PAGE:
An inquiry into foreign exchange losses at Malaysia's central bank in the 1990s yesterday recommended that former premier Mahathir Mohamad and jailed opposition leader Anwar Ibrahim be investigated for criminal breach of trust offences.
The findings of the Royal Commission of Inquiry (RCI) were tabled in Parliament but not debated.
The commission found that Tun Dr Mahathir, prime minister from 1981 to 2003, and Anwar, who was finance minister from 1991 to 1998, were involved in Bank Negara Malaysia's (BNM) foreign exchange trading losses of RM31.5 billion.
"The commission is of the view that from the facts and circumstances presented to the enquiry, there is a basis to recommend that the (Royal Malaysian Police) carry out a formal investigation into possible offences of criminal breach of trust (CBT) and/or cheating that may have been committed by officers of BNM, BNM's board, the (Finance Ministry), Auditor-General's Department, the Minister of Finance and the Prime Minister in carrying out speculative forex dealings and concealing the forex losses from the Cabinet and Parliament," the report said.
The commission suggested that Dr Mahathir may possess more information than he previously claimed to know, despite having testified as a witness at the inquiry.
"The conclusion that he could have been aware of the actual losses is not without merit... Despite his denials, the commission is of the opinion that a thorough investigation should be carried out to determine the extent of (Dr Mahathir's) involvement and liability on the matter," it said.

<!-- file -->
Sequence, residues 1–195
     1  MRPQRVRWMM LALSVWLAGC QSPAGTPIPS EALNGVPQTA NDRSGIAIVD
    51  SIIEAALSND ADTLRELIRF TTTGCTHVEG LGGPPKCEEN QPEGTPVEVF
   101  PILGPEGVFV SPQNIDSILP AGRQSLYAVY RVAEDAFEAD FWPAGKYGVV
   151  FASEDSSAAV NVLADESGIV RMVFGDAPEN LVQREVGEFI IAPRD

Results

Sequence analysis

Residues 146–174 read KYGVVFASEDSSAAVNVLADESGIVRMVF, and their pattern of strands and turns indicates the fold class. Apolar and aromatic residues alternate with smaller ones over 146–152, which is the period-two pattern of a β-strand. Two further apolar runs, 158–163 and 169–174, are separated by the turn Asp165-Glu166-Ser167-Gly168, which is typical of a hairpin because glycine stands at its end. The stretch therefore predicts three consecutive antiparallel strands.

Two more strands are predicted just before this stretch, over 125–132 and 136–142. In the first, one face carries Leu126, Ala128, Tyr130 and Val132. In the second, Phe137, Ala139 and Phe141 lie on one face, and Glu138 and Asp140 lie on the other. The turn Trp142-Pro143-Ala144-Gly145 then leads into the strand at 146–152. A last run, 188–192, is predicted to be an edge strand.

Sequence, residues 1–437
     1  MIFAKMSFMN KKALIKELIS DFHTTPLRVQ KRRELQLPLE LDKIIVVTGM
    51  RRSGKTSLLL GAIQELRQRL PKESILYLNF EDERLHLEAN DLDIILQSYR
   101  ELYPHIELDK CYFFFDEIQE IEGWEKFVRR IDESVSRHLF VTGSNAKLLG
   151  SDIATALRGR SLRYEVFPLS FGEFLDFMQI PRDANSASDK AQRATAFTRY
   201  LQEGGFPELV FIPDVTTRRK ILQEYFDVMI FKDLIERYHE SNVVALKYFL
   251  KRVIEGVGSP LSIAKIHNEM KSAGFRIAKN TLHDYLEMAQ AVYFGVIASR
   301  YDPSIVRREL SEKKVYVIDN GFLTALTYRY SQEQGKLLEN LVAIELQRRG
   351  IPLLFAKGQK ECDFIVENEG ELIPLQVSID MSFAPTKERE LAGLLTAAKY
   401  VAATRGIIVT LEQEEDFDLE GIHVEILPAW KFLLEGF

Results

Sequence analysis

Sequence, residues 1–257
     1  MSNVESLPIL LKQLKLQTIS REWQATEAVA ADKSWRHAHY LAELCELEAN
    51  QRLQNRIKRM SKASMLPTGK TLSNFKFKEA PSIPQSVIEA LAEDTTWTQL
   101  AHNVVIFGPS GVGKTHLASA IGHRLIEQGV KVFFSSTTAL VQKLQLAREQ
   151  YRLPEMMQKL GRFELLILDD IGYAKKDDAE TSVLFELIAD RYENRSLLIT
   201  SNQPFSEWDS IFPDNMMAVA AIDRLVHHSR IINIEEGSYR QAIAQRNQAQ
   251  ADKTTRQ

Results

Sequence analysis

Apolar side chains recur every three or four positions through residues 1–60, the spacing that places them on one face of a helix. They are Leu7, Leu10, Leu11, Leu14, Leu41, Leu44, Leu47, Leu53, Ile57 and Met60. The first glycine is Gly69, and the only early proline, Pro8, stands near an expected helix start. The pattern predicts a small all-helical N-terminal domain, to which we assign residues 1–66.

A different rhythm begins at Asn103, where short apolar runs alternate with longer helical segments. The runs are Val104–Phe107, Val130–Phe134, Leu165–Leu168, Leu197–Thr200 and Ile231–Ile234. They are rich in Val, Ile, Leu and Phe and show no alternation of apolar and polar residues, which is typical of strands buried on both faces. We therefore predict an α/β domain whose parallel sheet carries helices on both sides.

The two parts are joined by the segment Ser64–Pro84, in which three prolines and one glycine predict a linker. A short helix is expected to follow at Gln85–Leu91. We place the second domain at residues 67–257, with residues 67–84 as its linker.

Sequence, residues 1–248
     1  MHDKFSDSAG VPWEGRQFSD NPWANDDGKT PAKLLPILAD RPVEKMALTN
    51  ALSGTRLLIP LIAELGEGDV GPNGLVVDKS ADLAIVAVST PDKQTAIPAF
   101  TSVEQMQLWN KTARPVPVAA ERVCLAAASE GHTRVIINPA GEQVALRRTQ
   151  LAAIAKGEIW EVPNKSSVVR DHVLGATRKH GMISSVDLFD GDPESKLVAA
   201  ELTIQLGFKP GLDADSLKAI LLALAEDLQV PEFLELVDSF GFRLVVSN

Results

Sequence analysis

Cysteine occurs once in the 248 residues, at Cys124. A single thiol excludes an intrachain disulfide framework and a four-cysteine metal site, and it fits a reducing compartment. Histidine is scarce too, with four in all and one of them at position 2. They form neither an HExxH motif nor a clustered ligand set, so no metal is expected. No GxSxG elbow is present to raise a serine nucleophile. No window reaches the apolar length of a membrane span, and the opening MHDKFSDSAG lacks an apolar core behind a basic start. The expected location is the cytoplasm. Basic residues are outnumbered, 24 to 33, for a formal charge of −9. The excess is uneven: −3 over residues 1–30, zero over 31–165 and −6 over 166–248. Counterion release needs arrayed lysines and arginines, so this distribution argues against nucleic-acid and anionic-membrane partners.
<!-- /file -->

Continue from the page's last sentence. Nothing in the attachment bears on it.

Dr Mahathir previously told the inquiry he did not have direct knowledge of the BNM's trading activities or the losses incurred.
The commission stated that it could not avoid "the glaring fact that (Anwar) as the finance minister was responsible for misleading (deceiving) the Cabinet and Parliament on the actual forex losses faced by BNM".
RCI secretary Yusof Ismail lodged a police report at the Putrajaya police headquarters yesterday afternoon based on the commission's findings. He said no names were mentioned in the police report as the details were contained in the RCI findings which were also made available to the police.
"The police will hand over their report to the Attorney-General's chambers for further action," he said.
Both Dr Mahathir and Anwar are leaders of political parties within the opposition pact Pakatan Harapan. Opposition leaders yesterday branded the findings as "politically motivated", and demanded that the report be debated in Parliament.
During the RCI's eight-day hearing in August and September, a total of 25 witnesses, including Dr Mahathir, Anwar and former finance minister Daim Zainuddin testified, with 42 documents submitted during the proceedings.